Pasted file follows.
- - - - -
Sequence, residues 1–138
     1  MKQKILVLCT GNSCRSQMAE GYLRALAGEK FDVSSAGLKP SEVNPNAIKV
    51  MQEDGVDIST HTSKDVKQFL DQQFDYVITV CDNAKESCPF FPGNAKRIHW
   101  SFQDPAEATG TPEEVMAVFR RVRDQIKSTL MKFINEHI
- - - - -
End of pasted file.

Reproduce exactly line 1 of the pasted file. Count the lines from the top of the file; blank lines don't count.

Sequence, residues 1–138